Cf. Willem J. van Asselt, “The Fundamental Meaning of Theology: Archetypal and Ectypal Theology in Seventeenth-Century Reformed Thought,” Westminster Theological Journal (WTJ) 64 (2002): 323, where he notes, “This should warn us against any facile juxtaposition of federal-biblical theology with scholastic-dogmatic theology…” ‘This’ in context refers to the fact that many late sixteenth- and seventeenth-century Reformed theologians utilized Junius’ classification of archetypal and ectypal knowledge. Van Asselt claims that this is true of continental Reformed theologians as well as some English Puritans. John Owen makes such distinctions in his Biblical Theology (Pittsburgh: Soli Deo Gloria, 1994). (Cf. Chapter 8 of my The Family Tree of Reformed Biblical Theology, Owen, Biblical Theology, Chapter 3 Book I, and Sebastian Rehnman, Divine Discourse: The Theological Methodology of John Owen (Grand Rapids: Baker Academic, 2002), 57-71 for an extended discussion as it relates to Owen.). Once again, this is further evidence that Reformed scholasticism was a complex method and not a static system of theology. Reformed orthodox theologians could be and were often both scholastic and federal. ↩
For a well-referenced treatment of the history of federal theology in the post-Reformation era see Ward, God & Adam. Cf. also Golding, Covenant Theology, 13-66. ↩
Kingdom through Covenant: A Biblical-Theological Understanding of the Covenants
A Review Article
Just as the Israelites feared to enter Canaan because there were giants in the land, so also the one who approaches Kingdom through Covenant2 must consider the viability of digesting and interacting with a work of such magnitude. That being said, Gentry and Wellum have produced a book worthy both of digestion and interaction. Read more…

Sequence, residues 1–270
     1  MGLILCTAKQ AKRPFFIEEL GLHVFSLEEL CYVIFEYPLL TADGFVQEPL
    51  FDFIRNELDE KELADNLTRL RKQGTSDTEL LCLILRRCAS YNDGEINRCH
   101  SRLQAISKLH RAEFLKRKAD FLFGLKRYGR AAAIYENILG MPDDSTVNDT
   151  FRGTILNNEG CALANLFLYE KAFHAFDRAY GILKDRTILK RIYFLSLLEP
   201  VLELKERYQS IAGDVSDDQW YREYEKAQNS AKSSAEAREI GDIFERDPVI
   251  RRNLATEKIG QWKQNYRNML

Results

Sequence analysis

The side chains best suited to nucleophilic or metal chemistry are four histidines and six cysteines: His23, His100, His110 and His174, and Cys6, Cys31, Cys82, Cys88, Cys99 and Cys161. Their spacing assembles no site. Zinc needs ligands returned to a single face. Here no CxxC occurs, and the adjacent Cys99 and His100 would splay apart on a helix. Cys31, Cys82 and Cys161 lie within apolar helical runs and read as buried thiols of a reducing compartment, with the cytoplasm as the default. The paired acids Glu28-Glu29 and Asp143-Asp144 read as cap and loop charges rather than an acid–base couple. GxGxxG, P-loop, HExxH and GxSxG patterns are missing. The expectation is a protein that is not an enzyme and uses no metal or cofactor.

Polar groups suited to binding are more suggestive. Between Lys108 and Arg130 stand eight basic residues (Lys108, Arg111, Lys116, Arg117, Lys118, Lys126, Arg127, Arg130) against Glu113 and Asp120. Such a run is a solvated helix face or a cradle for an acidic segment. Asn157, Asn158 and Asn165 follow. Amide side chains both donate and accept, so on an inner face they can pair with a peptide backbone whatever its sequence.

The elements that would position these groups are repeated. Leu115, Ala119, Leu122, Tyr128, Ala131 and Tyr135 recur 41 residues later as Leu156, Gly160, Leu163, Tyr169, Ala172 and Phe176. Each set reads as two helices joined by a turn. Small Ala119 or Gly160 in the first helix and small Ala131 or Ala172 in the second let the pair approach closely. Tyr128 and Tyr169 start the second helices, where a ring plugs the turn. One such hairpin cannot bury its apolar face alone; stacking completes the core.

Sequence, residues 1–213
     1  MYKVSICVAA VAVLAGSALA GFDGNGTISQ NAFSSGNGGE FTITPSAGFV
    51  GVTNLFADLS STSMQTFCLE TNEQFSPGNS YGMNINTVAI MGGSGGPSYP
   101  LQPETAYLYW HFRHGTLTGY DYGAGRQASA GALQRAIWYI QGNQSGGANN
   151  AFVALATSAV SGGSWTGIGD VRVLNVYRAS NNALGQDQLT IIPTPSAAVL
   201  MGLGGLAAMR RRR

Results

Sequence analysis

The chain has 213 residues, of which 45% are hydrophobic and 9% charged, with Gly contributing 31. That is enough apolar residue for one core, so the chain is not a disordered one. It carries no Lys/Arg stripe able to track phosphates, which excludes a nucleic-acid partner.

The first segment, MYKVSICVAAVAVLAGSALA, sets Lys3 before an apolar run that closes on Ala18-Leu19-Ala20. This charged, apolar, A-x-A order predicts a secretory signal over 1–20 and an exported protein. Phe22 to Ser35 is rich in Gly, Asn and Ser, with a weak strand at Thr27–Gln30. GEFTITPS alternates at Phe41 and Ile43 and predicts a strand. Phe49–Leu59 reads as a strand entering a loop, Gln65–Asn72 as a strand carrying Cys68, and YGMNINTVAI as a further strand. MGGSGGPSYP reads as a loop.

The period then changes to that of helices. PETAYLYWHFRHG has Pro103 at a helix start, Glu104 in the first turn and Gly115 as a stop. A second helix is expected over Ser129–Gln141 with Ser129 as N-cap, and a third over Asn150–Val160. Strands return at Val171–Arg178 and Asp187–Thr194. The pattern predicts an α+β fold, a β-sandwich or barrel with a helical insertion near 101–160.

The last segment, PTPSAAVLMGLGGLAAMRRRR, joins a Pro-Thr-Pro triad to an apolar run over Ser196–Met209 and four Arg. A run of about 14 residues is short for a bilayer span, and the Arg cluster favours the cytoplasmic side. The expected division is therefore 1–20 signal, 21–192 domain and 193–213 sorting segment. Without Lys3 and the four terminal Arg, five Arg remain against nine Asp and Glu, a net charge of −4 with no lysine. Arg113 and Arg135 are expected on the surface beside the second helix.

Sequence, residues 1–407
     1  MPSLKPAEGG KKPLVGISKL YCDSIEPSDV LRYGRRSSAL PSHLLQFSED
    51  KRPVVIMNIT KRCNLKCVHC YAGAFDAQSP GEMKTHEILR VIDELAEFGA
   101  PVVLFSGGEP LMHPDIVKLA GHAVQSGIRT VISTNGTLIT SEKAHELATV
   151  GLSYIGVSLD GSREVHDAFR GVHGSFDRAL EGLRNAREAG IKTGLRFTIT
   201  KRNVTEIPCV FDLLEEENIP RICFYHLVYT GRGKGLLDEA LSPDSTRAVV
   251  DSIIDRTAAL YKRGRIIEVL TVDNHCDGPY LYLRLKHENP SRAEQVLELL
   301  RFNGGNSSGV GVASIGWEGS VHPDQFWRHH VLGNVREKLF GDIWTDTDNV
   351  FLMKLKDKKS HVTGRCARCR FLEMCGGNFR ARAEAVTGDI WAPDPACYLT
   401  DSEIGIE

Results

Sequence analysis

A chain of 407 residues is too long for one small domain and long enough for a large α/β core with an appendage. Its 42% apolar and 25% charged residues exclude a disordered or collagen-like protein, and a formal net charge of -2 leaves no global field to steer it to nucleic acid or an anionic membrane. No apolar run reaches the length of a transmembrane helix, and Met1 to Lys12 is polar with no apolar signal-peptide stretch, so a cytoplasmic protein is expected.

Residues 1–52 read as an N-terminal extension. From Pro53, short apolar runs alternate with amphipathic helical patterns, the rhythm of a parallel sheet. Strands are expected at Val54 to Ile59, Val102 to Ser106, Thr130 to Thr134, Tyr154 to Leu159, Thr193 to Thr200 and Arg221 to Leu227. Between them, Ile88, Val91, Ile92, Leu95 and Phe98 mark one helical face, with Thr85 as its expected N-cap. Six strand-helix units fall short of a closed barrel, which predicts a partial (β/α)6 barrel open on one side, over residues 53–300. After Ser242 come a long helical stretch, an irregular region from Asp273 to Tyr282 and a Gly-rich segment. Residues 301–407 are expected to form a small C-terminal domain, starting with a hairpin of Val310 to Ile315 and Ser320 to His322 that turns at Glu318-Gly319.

Samuel Renihan, M.Div., is a pastor at Trinity Reformed Baptist Church, La Mirada, CA. This review article was published in the Journal of the Institute of Reformed Baptist Studies (2014): 153-76, and is used with permission from RBAP. ↩
Peter J. Gentry and Stephen J. Wellum, Kingdom through Covenant: A Biblical-Theological Understanding of the Covenants (Wheaton, IL: Crossway, 2012, 848pp.). ↩
Pascal Denault recently taught on the covenant theology of the 1689 London Baptist Confession at the first annual 1689 Conference.
Here is the MP3
Here are other formats.
Here are the rest of the sessions from the conference.
On 24, Nov 2014 | In Resources | By admin
Below is an essay from John Owen found in his introduction to his commentary on the book of Hebrews. I’m posting it here for simple reference as I cannot find it anywhere else online as a single, separate article. The text is copied from http://www.godrules.net/library/owen/131-295owen_q3.htm
This essay has very important implications for how to properly interpret the olive tree of Romans 11.
Note that Owen argues against the idea that the nation of Israel was the church. Instead, he argues that the church in the Old Testament was the elect remnant within the nation of Israel. He says there were two offspring of Abraham: physical and spiritual. And there were two types of promises made to Abraham to correspond to these offspring: physical/temporal and spiritual/eternal. And these two types of promises were both covenantal promises. They were both parts of the Abrahamic Covenant. Thus the Abrahamic Covenant is both carnal and spiritual. It existed in a mixed state until the coming of Christ, but it has now been separated. Owen’s essay on the Oneness of the Church should be read in light of the following comment he makes later in his commentary:
When we speak of the “new covenant,” we do not intend the covenant of grace absolutely, as though it were not before in existence and effect, before the introduction of that which is promised here. For it was always the same, substantially, from the beginning. It passed through the whole dispensation of times before the law, and under the law, of the same nature and effectiveness, unalterable, “everlasting, ordered in all things, and sure.” All who contend about these things, the Socinians only excepted, grant that the covenant of grace, considered absolutely, — that is, the promise of grace in and by Jesus Christ, —was the only way and means of salvation to the church, from the first entrance of sin.